7 Payroll Items to Check Off Your List Before the Year Ends From preparing for performance reviews to organizing receipts for taxes, an early start now will avoid headaches later.

By Matt Straz

entrepreneur daily

Opinions expressed by Entrepreneur contributors are their own.

As the end of the year approaches, so does tax season.

To begin wrapping up the year, startups and small businesses should perform a status check on business finances and prepare year-end reports to ensure tax season is a breeze.

Additionally, startups and small businesses have many cost-cutting advantages they may not be aware of when it comes to taxes and spending.

Here are some items to check off the list before the end of this year:

1. Prepare for performance reviews

This one's first on the list because it's the most immediate priority. Employee performance reviews are often given at the end of the year and have a big impact on an employee's future performance manipulating factors like motivation, engagement, and morale.

Don't leave this one to the last minute to ensure a quality review that will really give employees a complete picture of what they do well and what needs improvement. It will truly affect the direction employees take moving forward. Plus, it will help determine and prepare for raises early on.

Begin analyzing performance data now to accurately assess individual performance. I always suggest automating performance management with a software that collects data by tracking task and goal completion throughout the year for a painless process.

Related: 5 Steps to Better Performance Reviews

2. Check on benefits

Since the passing of the Affordable Healthcare Act, many startups and small businesses opted not to offer employee health insurance benefits. The new healthcare program provides discounts for workers whose employers don't offer benefits, so many thought it wise to cut out that expense.

However, healthcare or insurance benefits might prove to be a valuable benefit for some startups to offer, depending on the needs of the employees. A startup can even offer a stipend to cover an employee's individual discounted plan as part of a salary. In either case, now is the time to research benefit options as healthcare and insurance continue to evolve.

3. Research new perks to offer

Startups and small businesses often have the benefit of offering perks larger organizations cannot due to volume of employees or structure. Consider offering employees unique perks in place of traditional benefits. Examples of perks can include fitness memberships, discount cards, office additions such as new break room features, free catered meals, and more.

Begin researching options now so the new perks can be decided upon and unveiled as a surprise at the beginning of the new year. Perks can even be low-cost. Perks like award programs and work from home days are often appreciated more than money.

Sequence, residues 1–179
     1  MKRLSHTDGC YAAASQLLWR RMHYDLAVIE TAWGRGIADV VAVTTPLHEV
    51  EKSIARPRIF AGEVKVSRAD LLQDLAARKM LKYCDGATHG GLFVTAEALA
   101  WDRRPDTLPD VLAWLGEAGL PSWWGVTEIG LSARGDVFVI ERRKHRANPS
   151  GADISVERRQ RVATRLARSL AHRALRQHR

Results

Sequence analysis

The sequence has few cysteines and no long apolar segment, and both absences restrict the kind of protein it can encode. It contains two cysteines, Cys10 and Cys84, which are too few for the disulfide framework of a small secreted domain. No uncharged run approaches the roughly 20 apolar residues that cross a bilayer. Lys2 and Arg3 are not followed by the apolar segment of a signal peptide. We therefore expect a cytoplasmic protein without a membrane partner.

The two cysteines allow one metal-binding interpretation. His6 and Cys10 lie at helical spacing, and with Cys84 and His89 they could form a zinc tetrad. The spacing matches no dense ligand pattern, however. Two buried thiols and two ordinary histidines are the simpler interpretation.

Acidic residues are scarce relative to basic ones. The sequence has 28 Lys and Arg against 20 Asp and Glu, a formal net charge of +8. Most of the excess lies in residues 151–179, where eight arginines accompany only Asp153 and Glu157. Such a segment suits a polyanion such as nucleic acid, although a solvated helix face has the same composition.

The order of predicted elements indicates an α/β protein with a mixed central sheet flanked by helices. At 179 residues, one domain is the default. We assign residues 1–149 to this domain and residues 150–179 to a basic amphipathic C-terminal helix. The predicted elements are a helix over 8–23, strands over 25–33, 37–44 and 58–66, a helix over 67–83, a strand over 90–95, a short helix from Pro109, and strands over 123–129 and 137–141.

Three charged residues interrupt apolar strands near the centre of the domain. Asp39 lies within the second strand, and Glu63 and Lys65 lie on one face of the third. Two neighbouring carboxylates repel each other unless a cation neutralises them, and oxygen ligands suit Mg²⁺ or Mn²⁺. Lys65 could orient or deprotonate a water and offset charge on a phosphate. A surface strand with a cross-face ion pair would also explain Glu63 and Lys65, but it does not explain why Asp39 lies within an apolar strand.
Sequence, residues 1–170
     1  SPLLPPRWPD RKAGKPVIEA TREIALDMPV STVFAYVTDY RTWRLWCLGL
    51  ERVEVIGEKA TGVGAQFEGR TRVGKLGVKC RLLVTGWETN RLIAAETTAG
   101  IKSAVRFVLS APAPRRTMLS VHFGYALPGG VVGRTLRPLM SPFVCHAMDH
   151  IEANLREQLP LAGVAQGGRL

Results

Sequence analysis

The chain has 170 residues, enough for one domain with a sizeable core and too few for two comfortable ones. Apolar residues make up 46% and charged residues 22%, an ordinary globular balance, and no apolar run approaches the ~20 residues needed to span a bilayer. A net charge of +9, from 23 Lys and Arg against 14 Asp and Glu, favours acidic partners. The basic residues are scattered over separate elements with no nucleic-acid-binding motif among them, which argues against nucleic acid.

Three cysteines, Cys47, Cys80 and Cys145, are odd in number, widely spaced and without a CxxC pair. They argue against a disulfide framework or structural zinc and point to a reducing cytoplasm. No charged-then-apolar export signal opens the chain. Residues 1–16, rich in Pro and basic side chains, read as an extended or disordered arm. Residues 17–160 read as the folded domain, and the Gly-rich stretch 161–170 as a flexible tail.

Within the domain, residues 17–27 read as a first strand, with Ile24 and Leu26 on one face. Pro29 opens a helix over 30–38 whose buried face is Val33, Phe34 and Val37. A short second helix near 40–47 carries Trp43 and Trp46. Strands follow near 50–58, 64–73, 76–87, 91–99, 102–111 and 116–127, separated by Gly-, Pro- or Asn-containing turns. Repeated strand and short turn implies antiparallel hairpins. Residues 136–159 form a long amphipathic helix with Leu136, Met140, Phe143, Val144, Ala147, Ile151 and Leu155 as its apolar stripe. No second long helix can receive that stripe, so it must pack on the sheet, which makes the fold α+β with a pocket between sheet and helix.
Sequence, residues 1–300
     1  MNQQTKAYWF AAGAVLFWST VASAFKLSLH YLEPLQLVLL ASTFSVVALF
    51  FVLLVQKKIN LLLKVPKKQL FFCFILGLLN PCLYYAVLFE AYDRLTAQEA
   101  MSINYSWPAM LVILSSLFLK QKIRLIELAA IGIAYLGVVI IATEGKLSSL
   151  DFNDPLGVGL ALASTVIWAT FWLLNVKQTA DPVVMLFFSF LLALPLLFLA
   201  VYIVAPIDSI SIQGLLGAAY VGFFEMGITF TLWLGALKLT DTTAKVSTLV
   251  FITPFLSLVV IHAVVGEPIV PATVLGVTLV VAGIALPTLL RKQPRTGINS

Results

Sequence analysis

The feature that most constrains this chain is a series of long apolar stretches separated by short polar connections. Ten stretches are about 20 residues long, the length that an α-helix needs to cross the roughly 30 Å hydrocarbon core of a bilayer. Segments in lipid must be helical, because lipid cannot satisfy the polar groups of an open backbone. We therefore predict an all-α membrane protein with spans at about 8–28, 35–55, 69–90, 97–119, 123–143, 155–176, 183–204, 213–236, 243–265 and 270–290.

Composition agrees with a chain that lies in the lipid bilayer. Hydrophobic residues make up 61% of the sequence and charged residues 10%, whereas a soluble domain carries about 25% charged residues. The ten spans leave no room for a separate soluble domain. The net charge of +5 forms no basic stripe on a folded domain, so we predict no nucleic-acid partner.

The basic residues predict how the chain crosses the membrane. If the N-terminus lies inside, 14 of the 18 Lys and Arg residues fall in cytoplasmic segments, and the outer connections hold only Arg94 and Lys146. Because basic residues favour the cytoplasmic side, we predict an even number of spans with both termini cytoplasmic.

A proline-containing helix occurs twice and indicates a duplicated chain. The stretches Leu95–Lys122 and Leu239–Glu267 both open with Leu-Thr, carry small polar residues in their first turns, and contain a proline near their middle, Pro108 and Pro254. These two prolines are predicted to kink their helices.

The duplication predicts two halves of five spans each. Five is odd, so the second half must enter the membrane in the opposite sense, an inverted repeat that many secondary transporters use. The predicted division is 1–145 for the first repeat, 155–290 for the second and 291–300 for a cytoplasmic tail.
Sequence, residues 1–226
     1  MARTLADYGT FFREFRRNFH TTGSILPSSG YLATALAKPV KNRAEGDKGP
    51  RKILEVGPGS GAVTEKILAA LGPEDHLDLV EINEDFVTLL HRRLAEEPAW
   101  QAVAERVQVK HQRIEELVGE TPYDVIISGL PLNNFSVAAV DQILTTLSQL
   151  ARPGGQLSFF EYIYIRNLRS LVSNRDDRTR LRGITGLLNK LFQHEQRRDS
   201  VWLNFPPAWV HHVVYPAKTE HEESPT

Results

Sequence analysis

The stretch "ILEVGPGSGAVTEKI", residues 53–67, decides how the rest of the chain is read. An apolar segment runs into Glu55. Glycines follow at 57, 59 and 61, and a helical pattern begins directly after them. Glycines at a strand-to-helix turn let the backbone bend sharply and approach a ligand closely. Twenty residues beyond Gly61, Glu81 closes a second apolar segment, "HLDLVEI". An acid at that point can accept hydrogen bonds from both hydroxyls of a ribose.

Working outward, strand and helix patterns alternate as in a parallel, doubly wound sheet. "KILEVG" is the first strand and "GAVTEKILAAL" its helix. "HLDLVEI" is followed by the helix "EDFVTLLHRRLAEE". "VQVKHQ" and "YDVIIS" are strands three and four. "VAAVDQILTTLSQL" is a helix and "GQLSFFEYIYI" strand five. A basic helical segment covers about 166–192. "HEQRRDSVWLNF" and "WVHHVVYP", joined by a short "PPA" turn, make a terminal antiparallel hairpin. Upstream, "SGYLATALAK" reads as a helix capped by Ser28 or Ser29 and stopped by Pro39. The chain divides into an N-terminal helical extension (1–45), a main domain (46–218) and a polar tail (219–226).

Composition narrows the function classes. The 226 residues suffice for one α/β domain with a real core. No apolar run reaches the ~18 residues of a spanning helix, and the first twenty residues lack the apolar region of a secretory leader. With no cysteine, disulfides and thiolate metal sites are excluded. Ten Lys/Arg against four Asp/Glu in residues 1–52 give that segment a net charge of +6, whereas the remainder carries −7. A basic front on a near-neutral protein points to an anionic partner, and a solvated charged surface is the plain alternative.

Related: 3 Perks That Work in Lieu of Raises

4. Pull financial statements

It can be easier for small businesses to track and report spending throughout the year, but at the end of the year, it's time to collect everything and look at the big picture. Again, this is an area that can be automated with software, which I'd highly recommend.

A few things to determine are the company's net worth and credit score to see overall financial health for budget planning. Also, look at last year's budget. Did it stay on track? What are some areas that need adjustment?

Check credit cards to ensure interest levels aren't too high and any options for interest reduction. Also, check the balance of any credit card benefits like cash back or travel points to use for next year.

5. Organize extra expenses and reimbursements

Collect all receipts from business-related purchases from employees. Categorize them and file them in a place where they will be easily accessible for tax time. Use a software to scan receipts into a digital document storage platform. When it comes time to determine write-offs, all receipts will be organized in digital form for easy access.

6. Determine tax write-offs

Small businesses are often eligible for several tax deductions owners often miss. Contact a tax professional early to discuss business-related expenses like transportation, entertainment, meals, educational courses and office supplies.

Startups also have the advantage of writing off expenses that got their business off the ground. As long as the business was making sales at the time, it counts. Businesses can deduct up to $5,000 the first year.

If the majority of the year's tax write-offs are documented now, it will require less effort to add the rest during tax time.

7. Plan distribution of important forms

Ensure employees receive important forms on time by collecting and planning distribution early. Perform an audit on employee files to organize existing forms and see if any additional are need for the file.

Keep track of important tax due dates. For example, fourth quarter payroll reports need to be filed the last day in January. Employees need to turn in new W-4 forms by February 17, 2015. Be sure to have all forms on hand and collect them a week to two weeks before they need to be filed to keep things stress-free.

Related: Surviving Fourth Quarter Madness -- How to Handle the Year-End Sales Crunch

Matt Straz

Founder and CEO of Namely

Matt Straz is the founder and CEO of Namely, the HR and payroll platform for the world's most exciting companies.

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